Wherever I’ve lived in the world, I’ve sought out local life drawing groups. Drawing is one of my favourite creative outlets and I try to make time for it whenever I can. But there’s something about practicing this skill in this particular way that I find very grounding—sitting (or standing) quietly in a peaceful environment with no distractions among friendly, supportive people observing a live model as they work through various poses. I’ve also found it helps to create a sense of connection to the place I’m in, whether I’m just visiting for several weeks, living for a year or two, or settled in the area, as I am now in the Comox Valley.
Thanks to the Cumberland Culture & Arts Society (CCAS), I’ve been part of a wonderful life drawing group since 2014. Shortly after the CCAS got things going, I offered to take on the role of organizer and facilitator to help ensure the sessions continued. And almost a decade later, they still are.
Sessions run every second Wednesday, 6–8 p.m. at the Abbey Studio, a converted church in Cumberland. This is a particularly beautiful setting, with wooden floors, high ceilings, stained glass windows, and an assortment of vintage lamps and eclectic artworks. Some of the participants have been coming regularly since the very beginning. Others drop in and out. Some have been practicing for years, others are new and trying it out. But it’s always a warm and welcoming group of people.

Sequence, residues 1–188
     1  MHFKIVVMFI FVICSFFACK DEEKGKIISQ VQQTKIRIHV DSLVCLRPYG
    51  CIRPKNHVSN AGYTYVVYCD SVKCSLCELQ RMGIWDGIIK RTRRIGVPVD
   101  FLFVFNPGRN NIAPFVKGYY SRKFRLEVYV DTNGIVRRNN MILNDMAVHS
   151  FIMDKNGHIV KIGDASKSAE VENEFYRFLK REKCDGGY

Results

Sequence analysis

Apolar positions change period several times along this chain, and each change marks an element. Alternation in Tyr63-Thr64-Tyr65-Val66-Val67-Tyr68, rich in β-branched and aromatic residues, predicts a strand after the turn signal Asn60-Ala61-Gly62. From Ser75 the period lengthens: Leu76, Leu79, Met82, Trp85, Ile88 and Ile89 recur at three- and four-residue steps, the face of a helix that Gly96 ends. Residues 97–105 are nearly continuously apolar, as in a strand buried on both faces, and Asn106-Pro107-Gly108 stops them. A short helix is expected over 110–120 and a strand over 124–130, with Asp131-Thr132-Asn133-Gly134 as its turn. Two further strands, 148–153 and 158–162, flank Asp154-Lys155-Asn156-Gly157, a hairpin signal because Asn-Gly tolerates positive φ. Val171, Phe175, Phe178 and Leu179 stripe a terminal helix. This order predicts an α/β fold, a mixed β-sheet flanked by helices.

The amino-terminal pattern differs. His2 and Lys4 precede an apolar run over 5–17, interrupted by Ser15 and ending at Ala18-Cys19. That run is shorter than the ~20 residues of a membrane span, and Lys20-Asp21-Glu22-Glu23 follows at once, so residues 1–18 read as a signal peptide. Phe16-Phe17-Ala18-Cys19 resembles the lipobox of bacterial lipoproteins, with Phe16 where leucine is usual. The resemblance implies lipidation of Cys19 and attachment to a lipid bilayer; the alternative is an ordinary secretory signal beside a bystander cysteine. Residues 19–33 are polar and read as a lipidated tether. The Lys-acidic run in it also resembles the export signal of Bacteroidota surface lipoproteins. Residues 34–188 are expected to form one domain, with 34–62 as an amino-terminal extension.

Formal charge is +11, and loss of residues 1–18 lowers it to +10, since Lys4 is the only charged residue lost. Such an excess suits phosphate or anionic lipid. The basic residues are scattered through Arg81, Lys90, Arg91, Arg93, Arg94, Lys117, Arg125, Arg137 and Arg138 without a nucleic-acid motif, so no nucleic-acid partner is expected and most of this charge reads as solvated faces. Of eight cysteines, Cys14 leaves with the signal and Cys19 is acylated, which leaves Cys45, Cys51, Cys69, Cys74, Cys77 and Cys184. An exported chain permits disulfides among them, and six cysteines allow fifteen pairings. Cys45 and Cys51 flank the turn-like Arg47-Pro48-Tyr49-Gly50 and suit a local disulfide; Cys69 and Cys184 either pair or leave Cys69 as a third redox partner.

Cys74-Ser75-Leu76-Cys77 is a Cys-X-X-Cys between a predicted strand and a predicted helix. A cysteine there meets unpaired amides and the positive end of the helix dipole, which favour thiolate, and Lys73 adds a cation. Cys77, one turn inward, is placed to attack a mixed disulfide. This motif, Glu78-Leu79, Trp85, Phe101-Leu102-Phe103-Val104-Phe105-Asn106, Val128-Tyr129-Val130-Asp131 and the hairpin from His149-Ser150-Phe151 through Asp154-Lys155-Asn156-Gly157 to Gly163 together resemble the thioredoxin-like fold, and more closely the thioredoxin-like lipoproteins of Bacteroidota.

My dad also happens to be one of the organizers of a life drawing group in Australia. Whenever he and my mum visit, they come along to our sessions here, and when I go home to Australia, I join theirs. It’s an activity I appreciate being able to share with them both.
I co-authored an article with my dad about life drawing in an earlier issue of the CV Collective. It talks about why so few adults draw. Although it’s a natural activity, something virtually every child does, most people abandon it before they reach adulthood because they believe it’s not a skill they possess. However, like many other activities we give up on as adults (e.g. dancing, sport, learning an instrument), there’s great value in continuing or revisiting.
In the case of life drawing, it’s as much about learning to see as it is about learning to make marks on paper—drawing what you actually see as opposed to what you think you see. The brain is a highly efficient organ, trying to make things easy for us by filling in the blanks without having to process too much additional information. Life drawing is an exercise in overriding that. When I’m observing a model, although I know I’m looking at a human body, I quickly become absorbed in the lines, shapes, light, and shadow. Everything else fades into the background.
Whatever else I have going on, however little I’ve managed to practice on my own, it’s reassuring to know I have two hours every second week to put everything else aside and continue learning to see.